Prediction of mortality in acute PE is a complex task in which the clinician has to consider the severity of pulmonary vascular obstruction,6 the presence of right ventricular involvement,13 signs of cardiogenic shock,14 the risk of recurrence,15 and baseline adverse characteristics of the patient,16 such as advanced age, cancer, and previous PE. In our series, although only six patients died, none of these commonly used clinical parameters predicted in-hospital mortality. Only cTnI at high cut off concentrations could make that distinction. This finding also held when considering cTnI as a continuous variable, suggesting a quantitative grading of increasing risk. No patients with concentrations below 0.06 ng/ml died, and mortality was 4.8% among patients with slightly increased concentrations (> 0.07 but < 0.6 ng/ml) on admission and 36% among patients with still higher concentrations. These data suggest that initial troponin concentrations can be used to define risk on admission. Patients with high concentrations are clearly at great risk and patients with modest increases deserve additional testing to establish risk more completely. These data are consistent with those of Konstantinides and colleagues,7 who reported that both cTnT and cTnI, with high cut off concentrations for both, predicted in-hospital events in a cohort of 106 patients with acute PE. Patients in our series were older (64 v 61 years) and had a higher prevalence of right bundle branch block on the ECG (42% v 18%) and more frequent echocardiographic right ventricular abnormalities (83% v 44%). Not surprisingly, this profile was associated with a greater overall in-hospital mortality (12.5% v 6.6%) despite much more aggressive use of thrombolysis (67% v 15%). This occurred in part because our study focused only on patients who required acute coronary care unit admission. However, the profile was obtained despite our attempt to exclude patients with underlying coronary artery disease, confirming the potent prognostic effects of cTnI increases in patients with acute PE alone.
The mechanism of cTnI release in PE remains speculative. Increased right ventricular wall stress and low cardiac output with low coronary perfusion pressure in combination are recognised pathophysiological changes that occur with significant PE.11 These mechanisms create a vicious cycle eventually resulting in ischaemia to the right ventricle. In this model, the acutely stressed right ventricular myocytes are the origin of cTnI release. This concept is supported by the pathological findings by Jerjes-Sanchez and colleagues,17 who found evidence of right ventricular infarction in the absence of coronary artery disease in four patients who died of massive PE. This mechanism is more likely in our patients, in that we attempted to exclude prior coronary artery disease. We cannot exclude the presence of a previously silent coronary abnormality.
Our data show that increased cTnI concentration is associated with more severe disease. Increases were associated with significantly more extensive and proximal involvement of the pulmonary vasculature, as assessed by spiral CT, and many of the clinical features of these patients (oxygen saturation, blood pressure, heart rate, echocardiographic right ventricular abnormalities, and estimated pulmonary artery pressure) also suggested a more severe clinical profile. Thus, all these findings support the concept that there is a link between the degree of troponin increase and the severity of the clinical presentation. Available clinical data,4,7–9 including the present report, suggest that increases in the cardiac troponins portend an adverse prognosis for patients with acute PE, as well as for patients with acute coronary syndromes.2 Risk stratification can be complex and it is unlikely that cTnI concentration will provide perfect prognostication given the complexity of clinical care, but it obviously is a potent risk marker. Further investigation is required to verify whether risk stratification based on cardiac troponin concentrations may translate into targeted treatment strategies. In addition, it is apparent, given the potential commonality of presentation of acute PE and acute coronary syndromes and the possibility of conjoint presentation, that PE should be considered in patients who present with compatible symptoms and increased concentrations of cTnI.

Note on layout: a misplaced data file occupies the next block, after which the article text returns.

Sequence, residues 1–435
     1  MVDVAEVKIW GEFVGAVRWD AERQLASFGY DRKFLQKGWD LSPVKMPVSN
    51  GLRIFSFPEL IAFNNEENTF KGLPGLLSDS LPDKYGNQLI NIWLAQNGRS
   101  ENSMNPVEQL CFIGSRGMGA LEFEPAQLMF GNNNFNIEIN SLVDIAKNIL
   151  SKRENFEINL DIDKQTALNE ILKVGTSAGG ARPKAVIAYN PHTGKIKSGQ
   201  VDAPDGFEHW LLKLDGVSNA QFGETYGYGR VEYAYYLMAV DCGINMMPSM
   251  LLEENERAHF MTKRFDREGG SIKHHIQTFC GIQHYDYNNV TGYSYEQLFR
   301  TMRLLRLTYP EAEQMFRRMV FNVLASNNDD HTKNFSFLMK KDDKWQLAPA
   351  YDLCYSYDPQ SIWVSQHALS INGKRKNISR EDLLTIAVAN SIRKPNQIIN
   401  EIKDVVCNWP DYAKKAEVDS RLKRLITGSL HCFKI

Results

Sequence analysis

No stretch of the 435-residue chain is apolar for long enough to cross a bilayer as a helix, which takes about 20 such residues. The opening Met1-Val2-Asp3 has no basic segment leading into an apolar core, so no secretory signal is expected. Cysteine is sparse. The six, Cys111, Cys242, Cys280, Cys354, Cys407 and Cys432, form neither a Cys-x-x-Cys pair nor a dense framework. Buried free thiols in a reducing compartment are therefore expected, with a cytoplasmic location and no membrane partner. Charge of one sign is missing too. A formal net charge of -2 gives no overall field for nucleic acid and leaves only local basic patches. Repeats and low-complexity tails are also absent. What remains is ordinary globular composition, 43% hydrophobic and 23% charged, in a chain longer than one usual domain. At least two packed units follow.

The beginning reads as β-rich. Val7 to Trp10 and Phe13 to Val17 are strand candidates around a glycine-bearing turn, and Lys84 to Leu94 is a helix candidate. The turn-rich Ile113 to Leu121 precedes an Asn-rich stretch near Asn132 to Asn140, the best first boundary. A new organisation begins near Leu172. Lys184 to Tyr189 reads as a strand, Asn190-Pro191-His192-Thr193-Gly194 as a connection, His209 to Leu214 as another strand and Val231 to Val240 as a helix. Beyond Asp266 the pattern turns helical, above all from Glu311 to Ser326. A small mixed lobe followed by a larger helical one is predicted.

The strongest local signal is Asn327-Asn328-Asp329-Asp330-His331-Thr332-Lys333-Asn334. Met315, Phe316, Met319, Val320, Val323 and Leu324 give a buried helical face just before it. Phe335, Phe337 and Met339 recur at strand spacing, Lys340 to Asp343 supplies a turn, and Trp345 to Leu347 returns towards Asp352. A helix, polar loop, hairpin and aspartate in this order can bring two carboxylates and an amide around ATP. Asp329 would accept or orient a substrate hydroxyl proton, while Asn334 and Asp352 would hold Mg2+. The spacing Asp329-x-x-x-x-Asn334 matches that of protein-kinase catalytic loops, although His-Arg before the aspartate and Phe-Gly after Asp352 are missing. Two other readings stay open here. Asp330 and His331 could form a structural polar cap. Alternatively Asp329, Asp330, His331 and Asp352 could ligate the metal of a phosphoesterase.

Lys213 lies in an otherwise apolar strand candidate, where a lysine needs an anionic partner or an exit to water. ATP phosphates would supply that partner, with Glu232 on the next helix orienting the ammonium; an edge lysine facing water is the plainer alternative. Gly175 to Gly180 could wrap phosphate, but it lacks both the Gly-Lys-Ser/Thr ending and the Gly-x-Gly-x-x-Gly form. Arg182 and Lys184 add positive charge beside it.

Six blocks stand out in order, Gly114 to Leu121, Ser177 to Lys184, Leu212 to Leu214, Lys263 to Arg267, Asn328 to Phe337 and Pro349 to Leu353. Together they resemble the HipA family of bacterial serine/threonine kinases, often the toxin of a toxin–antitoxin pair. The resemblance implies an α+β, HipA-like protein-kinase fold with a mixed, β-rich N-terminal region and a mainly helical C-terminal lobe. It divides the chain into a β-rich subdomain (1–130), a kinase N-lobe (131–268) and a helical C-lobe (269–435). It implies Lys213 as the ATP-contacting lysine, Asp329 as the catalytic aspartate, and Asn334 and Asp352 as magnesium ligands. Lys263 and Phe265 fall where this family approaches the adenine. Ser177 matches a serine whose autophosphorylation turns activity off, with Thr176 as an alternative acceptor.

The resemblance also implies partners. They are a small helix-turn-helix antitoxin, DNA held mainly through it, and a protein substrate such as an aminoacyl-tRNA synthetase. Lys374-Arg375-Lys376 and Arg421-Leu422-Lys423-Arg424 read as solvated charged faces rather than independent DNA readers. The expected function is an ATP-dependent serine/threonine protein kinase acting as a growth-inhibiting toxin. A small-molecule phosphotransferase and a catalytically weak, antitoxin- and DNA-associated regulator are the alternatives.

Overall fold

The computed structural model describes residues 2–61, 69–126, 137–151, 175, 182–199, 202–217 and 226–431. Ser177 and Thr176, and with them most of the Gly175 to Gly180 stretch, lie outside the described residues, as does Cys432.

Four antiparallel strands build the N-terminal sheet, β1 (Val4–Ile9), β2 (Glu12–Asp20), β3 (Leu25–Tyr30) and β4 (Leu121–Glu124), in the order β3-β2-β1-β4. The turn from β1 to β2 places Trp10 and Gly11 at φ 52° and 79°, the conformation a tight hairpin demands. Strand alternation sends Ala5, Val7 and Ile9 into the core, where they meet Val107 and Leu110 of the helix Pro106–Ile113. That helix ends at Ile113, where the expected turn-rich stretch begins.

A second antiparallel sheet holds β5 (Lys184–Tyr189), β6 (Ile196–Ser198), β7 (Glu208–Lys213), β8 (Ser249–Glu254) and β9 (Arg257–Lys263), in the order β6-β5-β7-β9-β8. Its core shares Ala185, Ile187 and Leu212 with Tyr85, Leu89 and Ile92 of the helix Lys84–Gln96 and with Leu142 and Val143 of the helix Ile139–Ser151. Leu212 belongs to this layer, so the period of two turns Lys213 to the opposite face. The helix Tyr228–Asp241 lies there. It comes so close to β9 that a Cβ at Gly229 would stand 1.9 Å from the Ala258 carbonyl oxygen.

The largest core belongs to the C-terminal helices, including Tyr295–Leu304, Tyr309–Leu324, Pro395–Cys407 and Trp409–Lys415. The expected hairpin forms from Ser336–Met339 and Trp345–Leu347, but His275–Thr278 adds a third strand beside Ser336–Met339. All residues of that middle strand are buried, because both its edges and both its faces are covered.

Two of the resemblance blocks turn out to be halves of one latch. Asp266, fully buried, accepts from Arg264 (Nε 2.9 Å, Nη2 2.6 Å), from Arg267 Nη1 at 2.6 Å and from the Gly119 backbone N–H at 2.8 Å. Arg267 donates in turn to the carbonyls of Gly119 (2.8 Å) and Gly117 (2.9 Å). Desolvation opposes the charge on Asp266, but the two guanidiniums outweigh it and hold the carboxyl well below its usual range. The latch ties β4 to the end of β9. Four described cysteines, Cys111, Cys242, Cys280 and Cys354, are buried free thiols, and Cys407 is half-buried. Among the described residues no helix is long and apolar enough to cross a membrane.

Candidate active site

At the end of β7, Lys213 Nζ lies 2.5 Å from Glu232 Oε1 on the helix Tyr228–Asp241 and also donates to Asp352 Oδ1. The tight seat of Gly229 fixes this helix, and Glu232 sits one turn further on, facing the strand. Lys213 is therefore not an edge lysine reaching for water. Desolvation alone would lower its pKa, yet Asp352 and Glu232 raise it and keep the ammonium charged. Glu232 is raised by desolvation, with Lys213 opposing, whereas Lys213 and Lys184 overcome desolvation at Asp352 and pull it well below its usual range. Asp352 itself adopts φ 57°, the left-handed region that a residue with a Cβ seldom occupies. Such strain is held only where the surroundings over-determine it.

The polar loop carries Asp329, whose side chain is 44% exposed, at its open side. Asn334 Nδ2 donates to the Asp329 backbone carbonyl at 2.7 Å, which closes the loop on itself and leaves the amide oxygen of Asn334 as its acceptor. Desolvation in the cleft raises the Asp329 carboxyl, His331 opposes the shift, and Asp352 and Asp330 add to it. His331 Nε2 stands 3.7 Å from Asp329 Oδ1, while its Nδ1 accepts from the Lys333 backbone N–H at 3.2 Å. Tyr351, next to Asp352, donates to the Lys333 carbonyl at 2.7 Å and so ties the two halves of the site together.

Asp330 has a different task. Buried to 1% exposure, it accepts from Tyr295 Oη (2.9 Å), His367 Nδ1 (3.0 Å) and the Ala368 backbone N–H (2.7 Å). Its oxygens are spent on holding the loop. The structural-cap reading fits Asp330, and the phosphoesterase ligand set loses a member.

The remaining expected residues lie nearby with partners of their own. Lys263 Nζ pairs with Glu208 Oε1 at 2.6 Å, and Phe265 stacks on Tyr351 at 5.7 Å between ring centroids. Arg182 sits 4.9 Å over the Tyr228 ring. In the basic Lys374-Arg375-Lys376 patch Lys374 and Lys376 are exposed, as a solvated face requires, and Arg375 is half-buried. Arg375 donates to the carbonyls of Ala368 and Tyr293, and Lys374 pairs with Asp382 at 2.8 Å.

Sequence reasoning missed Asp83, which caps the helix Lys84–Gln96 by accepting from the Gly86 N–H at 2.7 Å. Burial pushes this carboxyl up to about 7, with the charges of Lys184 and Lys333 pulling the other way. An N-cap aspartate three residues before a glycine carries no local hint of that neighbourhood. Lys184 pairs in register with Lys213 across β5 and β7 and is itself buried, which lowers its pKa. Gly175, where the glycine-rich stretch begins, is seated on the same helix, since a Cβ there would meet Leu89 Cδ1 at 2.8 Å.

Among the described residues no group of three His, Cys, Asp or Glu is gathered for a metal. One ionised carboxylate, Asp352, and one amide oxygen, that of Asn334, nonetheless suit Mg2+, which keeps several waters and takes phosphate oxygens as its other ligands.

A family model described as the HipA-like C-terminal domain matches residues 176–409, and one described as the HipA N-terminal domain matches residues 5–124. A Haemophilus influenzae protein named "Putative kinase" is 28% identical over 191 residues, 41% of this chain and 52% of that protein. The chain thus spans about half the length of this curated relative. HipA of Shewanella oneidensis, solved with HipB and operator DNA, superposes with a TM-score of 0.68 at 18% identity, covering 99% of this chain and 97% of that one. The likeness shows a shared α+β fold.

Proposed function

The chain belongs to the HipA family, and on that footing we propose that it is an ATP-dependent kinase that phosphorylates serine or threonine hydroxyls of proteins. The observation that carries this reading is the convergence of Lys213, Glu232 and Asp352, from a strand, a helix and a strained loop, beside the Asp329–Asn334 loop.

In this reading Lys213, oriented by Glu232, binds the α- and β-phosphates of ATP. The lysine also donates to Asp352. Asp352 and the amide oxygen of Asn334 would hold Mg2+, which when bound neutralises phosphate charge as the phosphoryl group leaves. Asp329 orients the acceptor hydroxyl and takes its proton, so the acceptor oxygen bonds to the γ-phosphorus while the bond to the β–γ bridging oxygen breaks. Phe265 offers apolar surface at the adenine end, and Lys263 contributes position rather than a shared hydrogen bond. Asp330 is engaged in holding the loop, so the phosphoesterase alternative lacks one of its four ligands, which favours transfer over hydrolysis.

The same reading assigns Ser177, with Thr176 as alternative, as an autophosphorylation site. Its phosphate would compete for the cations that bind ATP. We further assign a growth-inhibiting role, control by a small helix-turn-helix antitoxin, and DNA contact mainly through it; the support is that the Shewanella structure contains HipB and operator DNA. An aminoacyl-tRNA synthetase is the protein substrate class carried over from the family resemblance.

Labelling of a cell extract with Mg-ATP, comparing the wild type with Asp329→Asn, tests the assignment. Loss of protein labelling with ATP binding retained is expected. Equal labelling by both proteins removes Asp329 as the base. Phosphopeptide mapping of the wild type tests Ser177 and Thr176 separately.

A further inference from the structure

We did not characterise the kinetics of cTnI release and clearance but it did appear from the data obtained during the first 24 hours (fig 1) that they were similar to those described for cTnT, where increases occur rapidly but do not persist beyond 40 hours.18
This report concerns patients with a severe clinical profile that warranted admission to an intensive care unit, rather than an unselected series. That is why thrombolytic treatment was used so liberally. It may well be that more aggressive use of such treatment would improve prognosis, but this study was too small and treatment was at the discretion of the treating physicians and not randomised. Thus, the benefits of thrombolysis may well have been missed. We believe that a trial of thrombolysis guided by troponin concentration is warranted. We also excluded patients with known coronary artery disease. Thus, the principles derived from this study and from others may need to be moderated in the more complex situation of clinical care where no one is excluded.
In conclusion, cTnI is frequently detected in the first hours after admission in patients with confirmed acute PE and is associated with an adverse clinical profile. cTnI increase is a powerful independent predictor of mortality and perhaps would be still better if combined with other markers such as brain natriuretic peptide.19 Acute PE should be one of the diagnoses considered whenever critically ill patients have increased cTnI concentrations and ischaemic heart disease seems less likely.
The authors acknowledge, with appreciation, the secretarial assistance of Ms Jennifer Bolstad.
Dr Allan Jaffe is a consultant for Dade Behring as well as for Roche and Beckman Coulter, all companies that make troponin assays. There are no other conflicts of interest.